• Java Prepare - good tutorials
  • j-Think - great flash animations showing you the way...


  • Francisco
    [ June 10, 2002: Message edited by: Francisco A Guimaraes ]
     
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    Corey,
    I browsed through the page you have pointed but could not find anything related to contructor.
    i thing that interfaces does not have constructor as we can not instantiate interfaces but only methods and fields as constants.Am I right?
    I am also not comfortable with JLS
     
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    The other best thing you already have is your favorite editor and the compiler. When you get a question or concept that you're not completely sure of write a simple piece of code - just a few lines - to test it.
    Write an interface with a constructor then a short class to implement and use it. Should take about 10 lines of code. This is the best way to test things and to realy get a grasp on them.
    Create a small test class and everytime you have a question or are unclear about something modify it and play with it. Try different things that aren't even mentioned in the books, different syntax, different declarations, etc. Try to predict what'll happen before you compile/run them and then go the JLS and try to figure out why the results were what they were. Like Corey said, the JLS is great, it'll explain just about everything you need to know. If you're unclear about anything then come here and ask and someone will help you out.
     
    Corey McGlone
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    Originally posted by swati gupta:
    Corey,
    I browsed through the page you have pointed but could not find anything related to contructor.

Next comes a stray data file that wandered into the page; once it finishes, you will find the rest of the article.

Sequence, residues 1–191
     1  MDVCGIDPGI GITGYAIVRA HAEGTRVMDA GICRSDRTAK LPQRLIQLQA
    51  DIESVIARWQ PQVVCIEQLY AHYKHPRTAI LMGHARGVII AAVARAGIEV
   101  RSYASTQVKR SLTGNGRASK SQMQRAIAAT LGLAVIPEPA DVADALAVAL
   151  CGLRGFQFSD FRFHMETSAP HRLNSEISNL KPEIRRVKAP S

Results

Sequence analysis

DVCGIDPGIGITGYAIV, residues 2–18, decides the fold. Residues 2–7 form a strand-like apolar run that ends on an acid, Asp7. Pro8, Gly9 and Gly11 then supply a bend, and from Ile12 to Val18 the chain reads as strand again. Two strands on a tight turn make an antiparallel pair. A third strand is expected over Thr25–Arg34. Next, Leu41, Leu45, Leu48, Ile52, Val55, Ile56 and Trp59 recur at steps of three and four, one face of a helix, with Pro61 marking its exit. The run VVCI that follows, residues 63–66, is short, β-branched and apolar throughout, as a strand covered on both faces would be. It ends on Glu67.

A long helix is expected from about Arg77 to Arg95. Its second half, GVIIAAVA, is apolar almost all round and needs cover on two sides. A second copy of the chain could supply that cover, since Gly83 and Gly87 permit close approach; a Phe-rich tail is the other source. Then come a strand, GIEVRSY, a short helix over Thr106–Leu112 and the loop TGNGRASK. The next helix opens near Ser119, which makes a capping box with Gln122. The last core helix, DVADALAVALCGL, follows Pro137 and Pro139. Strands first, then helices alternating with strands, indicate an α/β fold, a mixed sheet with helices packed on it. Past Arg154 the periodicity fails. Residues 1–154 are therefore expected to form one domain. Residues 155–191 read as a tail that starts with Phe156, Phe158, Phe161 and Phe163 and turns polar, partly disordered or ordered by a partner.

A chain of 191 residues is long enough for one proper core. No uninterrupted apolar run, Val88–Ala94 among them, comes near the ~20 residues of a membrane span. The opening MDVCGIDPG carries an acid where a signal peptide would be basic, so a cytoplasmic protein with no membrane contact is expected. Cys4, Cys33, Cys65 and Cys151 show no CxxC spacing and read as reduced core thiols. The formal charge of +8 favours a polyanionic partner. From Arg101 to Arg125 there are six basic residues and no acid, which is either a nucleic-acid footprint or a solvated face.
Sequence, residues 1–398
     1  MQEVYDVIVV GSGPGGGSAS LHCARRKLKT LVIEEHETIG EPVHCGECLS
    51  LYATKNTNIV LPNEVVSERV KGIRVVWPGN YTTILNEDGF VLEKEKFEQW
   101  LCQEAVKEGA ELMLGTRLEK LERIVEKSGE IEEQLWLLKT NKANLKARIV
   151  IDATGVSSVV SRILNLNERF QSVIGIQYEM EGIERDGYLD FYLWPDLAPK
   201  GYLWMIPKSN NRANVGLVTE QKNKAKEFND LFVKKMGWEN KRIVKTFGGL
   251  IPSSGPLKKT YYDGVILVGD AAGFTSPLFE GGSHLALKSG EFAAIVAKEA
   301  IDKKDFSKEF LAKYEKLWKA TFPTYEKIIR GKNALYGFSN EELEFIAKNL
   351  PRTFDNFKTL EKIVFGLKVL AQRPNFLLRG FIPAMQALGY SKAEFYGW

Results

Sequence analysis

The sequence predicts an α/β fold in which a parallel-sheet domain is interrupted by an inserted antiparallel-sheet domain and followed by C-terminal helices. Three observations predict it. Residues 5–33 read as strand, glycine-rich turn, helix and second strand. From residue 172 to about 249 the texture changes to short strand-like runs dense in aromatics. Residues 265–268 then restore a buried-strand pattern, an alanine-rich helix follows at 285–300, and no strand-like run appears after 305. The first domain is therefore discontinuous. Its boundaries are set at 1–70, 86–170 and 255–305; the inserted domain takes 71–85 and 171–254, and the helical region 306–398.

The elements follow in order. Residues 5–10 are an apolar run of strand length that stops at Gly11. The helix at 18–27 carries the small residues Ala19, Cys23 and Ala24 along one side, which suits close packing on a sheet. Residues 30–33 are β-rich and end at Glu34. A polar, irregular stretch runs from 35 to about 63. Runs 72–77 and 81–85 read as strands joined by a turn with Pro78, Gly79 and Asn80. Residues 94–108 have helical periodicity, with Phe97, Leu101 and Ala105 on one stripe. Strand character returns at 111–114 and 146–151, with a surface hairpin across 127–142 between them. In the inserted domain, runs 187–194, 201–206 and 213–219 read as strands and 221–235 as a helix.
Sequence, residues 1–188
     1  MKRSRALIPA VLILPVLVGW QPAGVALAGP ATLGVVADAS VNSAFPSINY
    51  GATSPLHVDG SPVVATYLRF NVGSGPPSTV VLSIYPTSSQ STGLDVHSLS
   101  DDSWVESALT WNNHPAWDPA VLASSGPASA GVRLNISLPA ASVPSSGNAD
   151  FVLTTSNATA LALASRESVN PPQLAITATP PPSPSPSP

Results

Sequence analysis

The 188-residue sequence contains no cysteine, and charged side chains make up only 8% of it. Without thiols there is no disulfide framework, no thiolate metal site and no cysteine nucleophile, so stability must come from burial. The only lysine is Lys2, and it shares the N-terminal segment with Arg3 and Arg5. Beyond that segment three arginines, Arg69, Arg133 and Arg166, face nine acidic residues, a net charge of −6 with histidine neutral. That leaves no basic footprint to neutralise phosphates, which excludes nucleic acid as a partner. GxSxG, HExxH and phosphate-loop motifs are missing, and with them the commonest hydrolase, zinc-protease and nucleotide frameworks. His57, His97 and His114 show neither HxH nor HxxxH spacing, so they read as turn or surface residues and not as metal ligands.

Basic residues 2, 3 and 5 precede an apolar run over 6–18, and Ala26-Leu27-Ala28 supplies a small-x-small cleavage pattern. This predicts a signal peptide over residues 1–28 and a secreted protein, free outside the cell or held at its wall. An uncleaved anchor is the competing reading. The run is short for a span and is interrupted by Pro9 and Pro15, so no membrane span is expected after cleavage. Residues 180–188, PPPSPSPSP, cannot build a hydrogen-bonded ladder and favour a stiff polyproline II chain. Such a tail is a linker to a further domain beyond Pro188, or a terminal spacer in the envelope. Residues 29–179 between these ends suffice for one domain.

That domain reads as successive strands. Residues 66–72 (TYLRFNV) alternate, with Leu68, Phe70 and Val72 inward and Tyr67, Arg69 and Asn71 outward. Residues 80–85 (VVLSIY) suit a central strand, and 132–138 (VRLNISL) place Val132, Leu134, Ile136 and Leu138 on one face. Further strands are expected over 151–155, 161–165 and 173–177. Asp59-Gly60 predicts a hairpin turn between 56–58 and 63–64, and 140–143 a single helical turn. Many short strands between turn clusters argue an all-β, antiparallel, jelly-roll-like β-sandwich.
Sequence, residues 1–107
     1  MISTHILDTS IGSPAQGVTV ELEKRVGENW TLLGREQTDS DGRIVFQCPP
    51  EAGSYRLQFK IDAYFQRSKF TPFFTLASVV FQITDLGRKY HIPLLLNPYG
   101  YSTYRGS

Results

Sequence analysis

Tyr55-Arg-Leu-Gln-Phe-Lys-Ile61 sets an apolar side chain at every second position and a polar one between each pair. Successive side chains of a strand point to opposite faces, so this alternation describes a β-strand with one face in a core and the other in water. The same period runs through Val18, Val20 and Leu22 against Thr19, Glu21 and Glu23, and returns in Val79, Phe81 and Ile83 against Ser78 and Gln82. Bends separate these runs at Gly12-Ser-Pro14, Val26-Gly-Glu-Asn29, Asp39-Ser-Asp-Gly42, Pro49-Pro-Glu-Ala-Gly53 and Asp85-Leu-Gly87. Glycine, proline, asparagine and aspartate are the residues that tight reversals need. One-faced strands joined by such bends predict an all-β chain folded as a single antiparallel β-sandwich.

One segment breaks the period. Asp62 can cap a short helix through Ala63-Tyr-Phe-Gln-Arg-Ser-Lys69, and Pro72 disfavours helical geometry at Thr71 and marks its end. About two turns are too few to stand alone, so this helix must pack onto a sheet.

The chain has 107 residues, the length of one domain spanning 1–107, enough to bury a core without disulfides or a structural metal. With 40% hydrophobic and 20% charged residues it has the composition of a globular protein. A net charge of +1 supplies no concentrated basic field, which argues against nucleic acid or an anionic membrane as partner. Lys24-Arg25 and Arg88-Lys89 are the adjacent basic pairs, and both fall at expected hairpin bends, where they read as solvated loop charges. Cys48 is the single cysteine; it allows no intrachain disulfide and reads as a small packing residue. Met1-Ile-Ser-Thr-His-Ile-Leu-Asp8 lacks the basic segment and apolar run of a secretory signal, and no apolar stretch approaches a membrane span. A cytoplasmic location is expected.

i thing that interfaces does not have constructor as we can not instantiate interfaces but only methods and fields as constants.Am I right?
    I am also not comfortable with JLS


    You're right. An interface can't have a constructor because you can't instantiate an interface (nor a subinterface of an interface). Therefore, there is no need for a constructor in an interface. Notice, though, that an abstract class (which also can not be instantiated) must have a constructor because a subclass of it may be instantiated.
    However, the information is there in the JLS. Let me show you.
    In the section I pointed out, there is a section that describes what an interface can contain:


    InterfaceBody:
       { InterfaceMemberDeclarationsopt }
    InterfaceMemberDeclarations:
       InterfaceMemberDeclaration
       InterfaceMemberDeclarations InterfaceMemberDeclaration
    InterfaceMemberDeclaration:
       ConstantDeclaration
       AbstractMethodDeclaration
       ClassDeclaration
       InterfaceDeclaration
       ;


    Nowhere in there does it say that an Interface can have a constructor. However, if we compare this to the description of what is in a class (from §8.1.5 Class Body and Member Declarations):


    ClassBody:
       { ClassBodyDeclarationsopt }
    ClassBodyDeclarations: